Video Games: Just entertainment, or food for thought?

“The slightly unconscious model is often the most open and honest. No vanity or posing, just… pure expression.”

The most chilling lines come often from the most unexpected of sources, at the most unexpected of times and from most unexpected of people. A most common cliche of any thriller, the most unexpected character turns out to be a psycho killer who uses photography to capture, quoting Alfred Hitchcock, “pieces of time”, and the moment where the innocence of a young mind finally leaves, as it realizes the atrocities of adulthood and the naivety of youth.

Sounds exciting, right? Maybe it is a plot of a famous American thriller movie, or a cult classic novel from a renowned writer. Yeah, that must be it, right?


This little psychological drama is from a game, called Life is Strange, developed by DONTNOD Entertainment.

When we think games, usually Mario, GTA, CoD, Counter Strike, Assassin’s Creed etc. (not in any particular order) come to mind. They are relatively light hearted games, designed for players to plow through the enemies and provide oodles of entertainment. Although they have some serious content in terms of story, ranging from socio-political satire in GTA series to a revisited history class in Assassin’s Creed, these games are more associated to their traditional value; their ability to entertain.

There are, however, black sheep everywhere, and so why should gaming industry be any exception? Ever since the gaming industry entered the 8-bit era, the art of storytelling has pervaded into games, providing unsuspecting gamer a new challenge; grasping the story.

Our little Italian plumber Mario had a simple story of his adventure, a reason to bash those turtles and drop those dragons into lava pits; the princess who he had to rescue. This was a bare-bone story, but it worked just fine. Gamer had an actual purpose, a reason beyond high scores. “We have to save the princess!” was probably exclaimed by every gamer at least once during their playthrough, which was, in a way, revolutionary. But it still was unimaginable to see games anything beyond entertainment.

Japan made sure that things would change.

Square, a Japan based video game company, made a last ditch attempt to save itself from complete closure & created a game which went down in history as a legend. Their Final Fantasy introduced narrative into gaming, and pushed video gaming as a medium of entertainment. This started a flurry of games with intense stories incorporated into them. Wing Commander, Metal Gear Solid, Legend Of Zelda, EarthBound, Chrono Trigger, Resident Evil, almost all installments of Final Fantasy, Tomb Raider, Metroid, these are but a few of the names which are from the 90’s with a story, where gaming was still restricted to polygons and pixels, and 64 bit gaming was a revolution.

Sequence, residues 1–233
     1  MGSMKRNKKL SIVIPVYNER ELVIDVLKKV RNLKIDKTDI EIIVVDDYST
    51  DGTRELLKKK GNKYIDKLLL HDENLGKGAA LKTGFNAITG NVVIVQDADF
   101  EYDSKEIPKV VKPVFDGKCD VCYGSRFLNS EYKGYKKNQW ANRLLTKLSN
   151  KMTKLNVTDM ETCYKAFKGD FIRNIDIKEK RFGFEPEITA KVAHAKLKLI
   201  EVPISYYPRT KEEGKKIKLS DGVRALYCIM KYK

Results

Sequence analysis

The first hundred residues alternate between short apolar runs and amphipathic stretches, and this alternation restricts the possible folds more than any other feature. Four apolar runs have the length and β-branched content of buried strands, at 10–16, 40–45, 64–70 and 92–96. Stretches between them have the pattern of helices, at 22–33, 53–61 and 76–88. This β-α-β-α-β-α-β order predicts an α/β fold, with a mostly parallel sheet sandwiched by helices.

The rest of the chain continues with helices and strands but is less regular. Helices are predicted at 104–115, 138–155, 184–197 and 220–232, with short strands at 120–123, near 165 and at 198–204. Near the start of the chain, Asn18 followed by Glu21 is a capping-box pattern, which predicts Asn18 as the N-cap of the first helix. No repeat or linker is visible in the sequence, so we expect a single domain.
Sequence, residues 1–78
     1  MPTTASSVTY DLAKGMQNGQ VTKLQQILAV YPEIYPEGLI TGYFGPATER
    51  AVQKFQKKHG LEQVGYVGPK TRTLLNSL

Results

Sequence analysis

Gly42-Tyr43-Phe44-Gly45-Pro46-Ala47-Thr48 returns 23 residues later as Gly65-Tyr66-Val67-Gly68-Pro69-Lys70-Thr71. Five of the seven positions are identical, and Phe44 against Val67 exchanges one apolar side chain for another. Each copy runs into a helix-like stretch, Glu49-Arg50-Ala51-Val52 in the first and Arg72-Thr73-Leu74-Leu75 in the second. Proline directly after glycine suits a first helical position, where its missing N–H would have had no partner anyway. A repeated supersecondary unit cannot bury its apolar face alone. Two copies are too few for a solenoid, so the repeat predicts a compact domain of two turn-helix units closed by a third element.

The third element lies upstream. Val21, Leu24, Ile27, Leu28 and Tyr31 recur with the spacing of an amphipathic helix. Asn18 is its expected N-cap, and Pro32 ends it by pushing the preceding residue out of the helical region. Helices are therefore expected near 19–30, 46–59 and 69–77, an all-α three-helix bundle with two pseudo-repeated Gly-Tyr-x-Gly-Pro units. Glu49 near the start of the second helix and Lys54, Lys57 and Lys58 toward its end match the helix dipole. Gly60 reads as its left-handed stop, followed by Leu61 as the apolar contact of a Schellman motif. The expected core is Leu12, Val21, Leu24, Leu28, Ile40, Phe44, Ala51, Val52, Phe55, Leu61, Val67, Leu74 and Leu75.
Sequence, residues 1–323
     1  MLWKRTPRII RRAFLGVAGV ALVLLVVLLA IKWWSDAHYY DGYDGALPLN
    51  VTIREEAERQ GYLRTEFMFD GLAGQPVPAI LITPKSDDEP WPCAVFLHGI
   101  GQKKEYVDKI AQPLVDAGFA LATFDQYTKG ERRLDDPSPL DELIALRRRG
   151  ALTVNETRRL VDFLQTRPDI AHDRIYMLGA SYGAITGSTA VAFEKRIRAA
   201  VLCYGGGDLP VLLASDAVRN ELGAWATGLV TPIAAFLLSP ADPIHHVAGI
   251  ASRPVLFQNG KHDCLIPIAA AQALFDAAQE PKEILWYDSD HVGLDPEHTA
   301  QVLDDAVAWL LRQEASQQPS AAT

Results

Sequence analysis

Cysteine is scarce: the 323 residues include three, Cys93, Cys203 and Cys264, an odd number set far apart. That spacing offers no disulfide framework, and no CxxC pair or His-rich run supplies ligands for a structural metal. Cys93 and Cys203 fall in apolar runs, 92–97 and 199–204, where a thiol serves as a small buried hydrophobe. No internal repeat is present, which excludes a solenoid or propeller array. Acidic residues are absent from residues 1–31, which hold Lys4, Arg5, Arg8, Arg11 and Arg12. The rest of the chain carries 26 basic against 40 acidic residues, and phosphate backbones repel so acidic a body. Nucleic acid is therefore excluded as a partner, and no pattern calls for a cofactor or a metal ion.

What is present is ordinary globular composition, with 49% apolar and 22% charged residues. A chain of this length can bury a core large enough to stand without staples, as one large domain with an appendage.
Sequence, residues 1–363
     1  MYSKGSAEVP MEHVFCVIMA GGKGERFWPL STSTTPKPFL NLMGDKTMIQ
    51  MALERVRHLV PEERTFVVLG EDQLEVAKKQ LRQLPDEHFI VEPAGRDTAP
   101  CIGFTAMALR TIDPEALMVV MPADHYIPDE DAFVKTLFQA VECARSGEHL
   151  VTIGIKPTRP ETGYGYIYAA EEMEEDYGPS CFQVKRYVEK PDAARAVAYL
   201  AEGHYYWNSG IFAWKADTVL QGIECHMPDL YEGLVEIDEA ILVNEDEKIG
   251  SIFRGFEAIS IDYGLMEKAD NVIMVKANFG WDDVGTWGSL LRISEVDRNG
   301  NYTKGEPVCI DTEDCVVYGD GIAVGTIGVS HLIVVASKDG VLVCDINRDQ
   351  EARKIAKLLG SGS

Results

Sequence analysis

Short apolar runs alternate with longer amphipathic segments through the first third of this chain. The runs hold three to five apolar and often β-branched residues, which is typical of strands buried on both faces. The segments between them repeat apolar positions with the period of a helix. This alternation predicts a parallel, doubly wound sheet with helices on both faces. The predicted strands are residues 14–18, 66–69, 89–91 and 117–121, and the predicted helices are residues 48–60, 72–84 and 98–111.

In recent times, games are more frequently being used as a medium of storytelling, and in this series of articles, some of those games will be discussed. It’d be hella cool, I tell ya.

It seems Chloe is becoming a good bad influence on me too.

Life is Strange: A novel posing as a video game

Title card for the first episode of the game Life is Strange. Present in the image are Max Caulfield, Evan Harris, Alyssa Anderson, Brooke Scott, Dana Ward and others.

It’s a rather recent game from DONTNOD Entertainment… Wait, I’ve already mentioned this. Anyway, it is an episodic adventure game with a female teenage (just so we are clear) called Maxine “Max” Caulfield as the protagonist. A nerdy teenager with issues, Max tends to avoid people and is unsure about herselfie. I’m going to use this joke every single time. In your face Jefferson!

Ahem. Sorry, I got carried away.

So, Max is basically your Everyday Teenager who has an eye for photography and is afraid of socializing. Things spiral out of control pretty quickly however, when she has a vision of her city, Arcadia Bay being destroyed by a humongous tornado. She later discovers that she has the power to rewind time back to a few minutes. With her newfound powers and a pure sense of justice, Max goes out to find a way to avert the disaster, and to save a childhood friend.

The game explores a myriad of themes; teenage, bullying, drug abuse, family issues, growing up, loss of childhood innocence, artistic expressions, friendship, love, loss of loved ones and its effects, time travelling and its consequences, psychopathic criminals, spirituality and many more. In fact, the game covers so many themes that it was panned for its lack of a consistent tone. In my humblest of opinion though, this diversity of theme is what makes this game a beauty.

Max's room and her photo wall.
I wonder about Victoria’s comment here right about now.

The Everyday Hero, Max